He told me in advance that he would “put me to work” and I didn’t quite know what that meant. But one of the first things I did upon arrival was plop down in a chair in front of a computer and a machine that was cranking out flight strips. I placed the strips into their holders, went through the flights on the computer to send clearances and then went through them all again to record their gate numbers. Best part? I got to KEEP the strips from the Air France A340 and the Condor 767 – pretty sweet, huh?

We then went over to a different station and worked “ground” – I had a headset on and just listened to Joe interact with the pilots… clearing them for pushback or directing them to their runway for departure or to their gate for arrival. It was boatloads of fun. I wish I was back there right now.

THEN… I had the opportunity to go out on the “catwalk” – a full 360 deck that circles the tower. I got some amazing photos from up there and the view was just stunning. It was fairly close to sunset, so the lighting was beautiful. It was the cat’s meow. See what I did there?

Following my photo session, I got to hang around inside the cab for a bit more before we made our way down to TRACON.

I first learned about TRACON (terminal radar approach control) when I interviewed Jennah Perry earlier this year for my ATC story on Aviation Queen. Jenna is the Program Chair and Assistant Professor of Air Traffic Management at Embry-Riddle Aeronautical University.

TRACON is located in the lower level of the MSP tower and looked to me like something out of a movie. It was dark and a little eerie – with a number of computer screens displaying the radar. The screens were divided into 5-mile “rings” of the area surrounding MSP – really bringing to life the whole “invisible highways in the sky” concept.

Joe told me that back in the “old days” the controllers at the top would actually send the flight strips down to TRACON in a contraption similar to those bank tubes that go between the drive-thru lanes and the tellers inside the building. That’d sure be a sight to see, huh?

After the visit down to TRACON, my time was up. Two hours really *flies* by when you’re having fun. Before I knew it, my husband was pulling back into the parking lot to pick me up. I talked his ears off about how much fun I had for no less than two hours straight. It was perfect.

All in all, my visit Tuesday was an exciting, eye-opening experience. As always, I feel incredibly thankful to have been able to meet such a diverse group of aviation enthusiasts through social media… from pilots to mechanics, spotters to photographers, and now even a controller.

So, here’s to you Joe! Thanks for an AWESOME time.

Flying to Pass the Time

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Time really does fly… but come this weekend, you’d think I was flying just to pass the time. Something big, something HUGE, something SO exciting is happening. BUT.. I’m keeping my lips sealed for now. I’ll just tell you this – two days, four states, five flights. That’s all you get for now. You’ll hear more from me Monday or Tuesday.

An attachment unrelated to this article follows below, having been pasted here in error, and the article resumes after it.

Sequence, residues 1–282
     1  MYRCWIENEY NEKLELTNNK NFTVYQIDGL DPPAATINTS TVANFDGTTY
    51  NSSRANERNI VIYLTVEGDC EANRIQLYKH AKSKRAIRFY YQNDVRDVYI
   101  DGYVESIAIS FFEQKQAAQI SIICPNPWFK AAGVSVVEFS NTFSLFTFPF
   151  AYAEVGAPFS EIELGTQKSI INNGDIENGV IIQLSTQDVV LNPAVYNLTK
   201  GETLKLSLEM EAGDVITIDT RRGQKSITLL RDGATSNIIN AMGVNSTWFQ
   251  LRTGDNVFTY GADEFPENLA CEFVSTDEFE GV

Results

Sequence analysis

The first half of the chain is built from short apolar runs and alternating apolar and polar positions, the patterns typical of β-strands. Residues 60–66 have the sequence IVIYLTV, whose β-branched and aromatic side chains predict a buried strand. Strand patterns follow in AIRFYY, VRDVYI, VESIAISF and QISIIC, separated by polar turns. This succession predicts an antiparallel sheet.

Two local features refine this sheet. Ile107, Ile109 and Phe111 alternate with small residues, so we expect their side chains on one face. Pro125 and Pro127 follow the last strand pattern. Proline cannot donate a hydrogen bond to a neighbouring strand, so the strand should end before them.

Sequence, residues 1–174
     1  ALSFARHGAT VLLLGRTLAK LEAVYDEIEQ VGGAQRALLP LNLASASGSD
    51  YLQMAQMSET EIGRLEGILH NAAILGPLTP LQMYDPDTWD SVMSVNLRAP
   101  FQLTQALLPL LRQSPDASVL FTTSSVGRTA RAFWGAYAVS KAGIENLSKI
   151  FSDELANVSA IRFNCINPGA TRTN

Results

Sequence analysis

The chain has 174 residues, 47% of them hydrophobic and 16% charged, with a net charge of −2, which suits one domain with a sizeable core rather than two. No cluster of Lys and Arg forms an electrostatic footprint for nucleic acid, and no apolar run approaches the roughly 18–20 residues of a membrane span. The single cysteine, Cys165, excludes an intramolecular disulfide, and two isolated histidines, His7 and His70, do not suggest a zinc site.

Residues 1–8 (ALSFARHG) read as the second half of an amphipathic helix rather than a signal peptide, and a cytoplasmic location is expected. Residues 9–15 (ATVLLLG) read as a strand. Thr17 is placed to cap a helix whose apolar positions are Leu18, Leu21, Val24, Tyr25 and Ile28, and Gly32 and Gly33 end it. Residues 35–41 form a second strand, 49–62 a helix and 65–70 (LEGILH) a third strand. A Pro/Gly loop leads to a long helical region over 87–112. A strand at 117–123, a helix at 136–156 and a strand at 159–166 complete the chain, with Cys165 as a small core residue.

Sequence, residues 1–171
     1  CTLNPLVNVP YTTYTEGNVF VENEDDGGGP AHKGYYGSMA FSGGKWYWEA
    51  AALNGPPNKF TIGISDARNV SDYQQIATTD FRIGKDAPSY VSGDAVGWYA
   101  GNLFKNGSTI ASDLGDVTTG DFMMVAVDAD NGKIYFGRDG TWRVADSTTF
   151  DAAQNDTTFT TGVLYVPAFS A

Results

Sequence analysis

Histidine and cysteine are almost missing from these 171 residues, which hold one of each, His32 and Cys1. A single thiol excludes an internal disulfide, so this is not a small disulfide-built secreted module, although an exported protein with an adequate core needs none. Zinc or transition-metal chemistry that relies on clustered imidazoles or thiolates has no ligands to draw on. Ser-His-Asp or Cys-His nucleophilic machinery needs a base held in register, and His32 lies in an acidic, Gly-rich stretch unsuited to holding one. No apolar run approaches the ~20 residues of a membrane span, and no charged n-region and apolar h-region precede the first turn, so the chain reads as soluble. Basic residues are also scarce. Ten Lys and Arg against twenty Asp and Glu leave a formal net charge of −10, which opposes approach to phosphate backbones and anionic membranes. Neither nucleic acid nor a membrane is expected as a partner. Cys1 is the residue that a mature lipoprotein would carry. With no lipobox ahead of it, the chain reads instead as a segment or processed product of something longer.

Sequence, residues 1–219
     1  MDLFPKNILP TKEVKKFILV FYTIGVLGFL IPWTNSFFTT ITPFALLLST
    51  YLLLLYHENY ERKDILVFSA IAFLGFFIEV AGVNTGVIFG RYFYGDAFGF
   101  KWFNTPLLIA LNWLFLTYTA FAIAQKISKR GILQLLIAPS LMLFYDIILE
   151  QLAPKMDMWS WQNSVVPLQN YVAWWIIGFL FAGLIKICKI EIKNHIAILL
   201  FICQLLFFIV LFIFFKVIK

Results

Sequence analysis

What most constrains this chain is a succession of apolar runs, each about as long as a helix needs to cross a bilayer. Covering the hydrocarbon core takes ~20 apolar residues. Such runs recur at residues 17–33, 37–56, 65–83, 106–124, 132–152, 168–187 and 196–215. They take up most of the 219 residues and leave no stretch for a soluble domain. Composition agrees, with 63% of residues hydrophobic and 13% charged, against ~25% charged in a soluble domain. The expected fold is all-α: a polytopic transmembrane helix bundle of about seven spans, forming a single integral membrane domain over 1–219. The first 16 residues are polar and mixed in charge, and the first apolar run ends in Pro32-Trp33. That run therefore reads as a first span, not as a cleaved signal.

ANYWAYS… those who know me well, know I stress out pretty easily. But oddly enough, since I’ve started to really hone in on my aviation journalism and photography, I’ve gotten a heck of a lot busier AND a heck of a lot happier. Who’d have thought there’d be a positive correlation between the two? Not me. Not in a million years.

June brought a lot of changes in my life… I hit the big 3-0, we moved from Minneapolis to St. Paul and I lost my dear, sweet stepmom. With that being said, my apologies for being MIA in the blogging world, but I’m sure you can understand why I was.

However, my love of planes helped keep me sane and grounded throughout that time. And, over the last month I’ve hit a couple milestones that were quite exciting for me:

1. On my birthday, June 16, I hit one THOUSAND Instagram followers on @thegreatplanes (currently, I’m creeping up on 1,300 – it’s a good feeling).

2. I’ve had my third and fourth stories published on Airways Magazine’s website, both of which feature several of my own photos (and even one of my husband’s):

Where Planes Go, They Follow: The Rise of Plane Spotting and How Airports Are Embracing Their Biggest Fans

Fight For The Skies: The Air Traffic Control Debate

3. My Instagram friends, @jfkspotting, hit 7,000 followers and in doing so, named my page the ninth best of all those followers. Thanks guys!

4. I found that there is a bus that takes me directly from my new apartment to my favorite spotting location at MSP – the gold parking ramp. I was asked to leave by airport police, which I calmly and apologetically did. BUT, after a few days I didn’t feel quite right about it. I reached out to a contact of mine at the airport who in turn spoke with the police chief who confirmed I CAN be up there. The chief passed the message along to his officers and now I go three to four times a week. Now THAT’S a “great planes” win!

Thank you all for the love and support. To think that six months ago I went out on a whim and just thought I’d “take a shot” at pursuing something that I love… and seeing where I am now – it’s pretty incredible. The things I’m learning, the people I’m meeting, the stories I’m writing and the places I’m going… I’m very thankful and cannot wait to see where this love takes me in the years to come.